Recycling is a daily occurrence for most of us. We recycle at home, dutifully separating our plastics, card & food in some cases.
For many of us (working in a physical office & or workspace) our employers have environmental policies in place to ensure they meet environmental laws & again, recycling is a part of our working lives.
However, beyond our homes & workplaces there is a green revolution happening, whereby even our most polluting plastics & industrial waste are being recycled & re-purposed.
With natural resources still being sourced for global manufacturing purposes & lifestyle choices, there is a real fear that in the not too distant future, we will begin to see some of them run out. For example, with electrification of vehicles advancing, so too does the need for Lithium, the key element for lithium-Ion batteries.
The Global Recycling Foundation who has spearheaded Global Recycling Day has a core mission:
- To tell world leaders that recycling is simply too important not to be a global issue, and that a common, joined up approach to recycling is urgently needed.
- To ask people across the planet to think resource, not waste, when it comes to the goods around us – until this happens, we simply won’t award recycled goods the true value and repurpose they deserve. (1)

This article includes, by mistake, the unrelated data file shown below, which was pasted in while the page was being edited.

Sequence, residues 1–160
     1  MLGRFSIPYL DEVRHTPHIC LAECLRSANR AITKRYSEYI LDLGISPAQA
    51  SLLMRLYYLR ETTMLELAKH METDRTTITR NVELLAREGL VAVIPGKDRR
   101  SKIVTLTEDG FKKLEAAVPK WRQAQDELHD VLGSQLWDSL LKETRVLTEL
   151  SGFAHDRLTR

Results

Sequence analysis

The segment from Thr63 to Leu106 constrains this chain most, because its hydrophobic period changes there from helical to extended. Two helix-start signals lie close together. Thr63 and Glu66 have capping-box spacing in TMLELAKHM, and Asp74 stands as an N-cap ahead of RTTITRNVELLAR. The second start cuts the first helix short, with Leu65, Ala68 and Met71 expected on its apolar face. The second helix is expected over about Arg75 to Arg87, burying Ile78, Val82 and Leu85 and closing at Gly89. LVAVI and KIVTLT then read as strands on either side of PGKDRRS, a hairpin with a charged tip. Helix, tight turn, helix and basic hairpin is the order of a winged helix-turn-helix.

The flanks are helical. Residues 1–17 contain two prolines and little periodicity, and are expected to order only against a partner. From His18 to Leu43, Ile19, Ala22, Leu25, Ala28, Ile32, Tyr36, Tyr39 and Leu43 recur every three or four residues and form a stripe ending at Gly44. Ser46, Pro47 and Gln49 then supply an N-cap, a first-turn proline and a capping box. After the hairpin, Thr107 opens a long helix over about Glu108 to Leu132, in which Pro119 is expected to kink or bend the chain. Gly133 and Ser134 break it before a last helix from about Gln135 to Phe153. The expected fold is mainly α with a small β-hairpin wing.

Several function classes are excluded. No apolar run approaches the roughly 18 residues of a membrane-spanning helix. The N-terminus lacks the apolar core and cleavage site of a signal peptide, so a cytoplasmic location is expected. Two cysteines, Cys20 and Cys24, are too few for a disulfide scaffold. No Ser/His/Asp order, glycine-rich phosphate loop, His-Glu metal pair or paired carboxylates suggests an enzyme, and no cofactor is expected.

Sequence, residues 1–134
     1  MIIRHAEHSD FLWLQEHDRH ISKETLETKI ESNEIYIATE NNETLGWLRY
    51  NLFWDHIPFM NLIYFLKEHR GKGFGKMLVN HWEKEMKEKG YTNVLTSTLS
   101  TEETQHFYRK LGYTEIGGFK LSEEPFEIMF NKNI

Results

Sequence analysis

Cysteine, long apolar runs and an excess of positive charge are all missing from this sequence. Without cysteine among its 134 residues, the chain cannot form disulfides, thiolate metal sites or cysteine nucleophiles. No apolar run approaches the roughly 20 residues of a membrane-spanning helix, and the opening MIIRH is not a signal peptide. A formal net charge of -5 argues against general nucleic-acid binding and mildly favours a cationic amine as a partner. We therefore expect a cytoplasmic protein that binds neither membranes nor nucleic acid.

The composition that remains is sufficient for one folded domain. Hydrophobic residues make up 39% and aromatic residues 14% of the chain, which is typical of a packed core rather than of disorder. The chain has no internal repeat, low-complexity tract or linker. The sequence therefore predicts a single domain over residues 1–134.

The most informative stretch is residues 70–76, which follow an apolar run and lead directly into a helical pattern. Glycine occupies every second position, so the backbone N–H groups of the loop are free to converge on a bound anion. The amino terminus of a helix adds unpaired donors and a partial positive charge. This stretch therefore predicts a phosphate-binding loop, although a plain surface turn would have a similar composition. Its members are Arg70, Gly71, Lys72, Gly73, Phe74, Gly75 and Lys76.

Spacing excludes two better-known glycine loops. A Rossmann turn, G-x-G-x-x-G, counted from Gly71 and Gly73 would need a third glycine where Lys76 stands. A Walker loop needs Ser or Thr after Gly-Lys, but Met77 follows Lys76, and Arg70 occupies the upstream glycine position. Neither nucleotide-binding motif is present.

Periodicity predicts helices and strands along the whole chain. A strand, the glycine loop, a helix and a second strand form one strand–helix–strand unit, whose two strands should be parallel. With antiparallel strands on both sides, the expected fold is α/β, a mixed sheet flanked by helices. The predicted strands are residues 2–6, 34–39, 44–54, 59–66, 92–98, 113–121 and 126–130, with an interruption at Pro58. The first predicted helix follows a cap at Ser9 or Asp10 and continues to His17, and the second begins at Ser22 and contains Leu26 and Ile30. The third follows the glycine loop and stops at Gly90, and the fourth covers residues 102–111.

So how are we as inhabitants of planet Earth seeking ways to recycle & reuse our industrial waste, before we run our natural resources dry? How can we utilise waste products to generate more energy, in an electric world?
There are many companies across the globe who have & continue to recycle industrial waste & transform the end product into a fully reusable other item, an energy source, a road, new clothing or even shoes. So, who are these pioneers & what strategies are they using to remove our industrial & sometimes toxic waste streams, & re-purpose them for the benefit of human kind?
Of the 180,000 metric tons of Li-ion batteries available for recycling worldwide in 2019, just a little over half were recycled. As lithium-ion battery production soars, so does interest in recycling. (2)
As previously mentioned, with lithium continuing to be mined for battery usage in electric vehicles; we are still continuing to use this natural resource in it’s raw state, above recycling.
However, there are about a hundred companies worldwide who recycle lithium-ion batteries or plan to do so soon. The industry is concentrated in China & South Korea, where the vast majority of the batteries are also made, but there are several dozen recycling startups in North America & Europe. (2)
One UK company already recycling & reclaiming the Nickel, Cobalt & Lithium from EV & PHEV batteries is Cawleys based in Luton. Despite the inherent hazards involved in recycling lithium-ion batteries due to their volatile nature; Cawleys are able to, through collaboration with their partners; recover the Nickel, Cobalt & Lithium & ensure this is all returned to the recycle streams to be reused in other applications.
Food recycling & Anaerobic Digestion
Many local authorities have now made it illegal for households to dispose of their food waste amongst their general rubbish. Households are provided with food recycling bins & encouraged to dispose of food waste in this manner.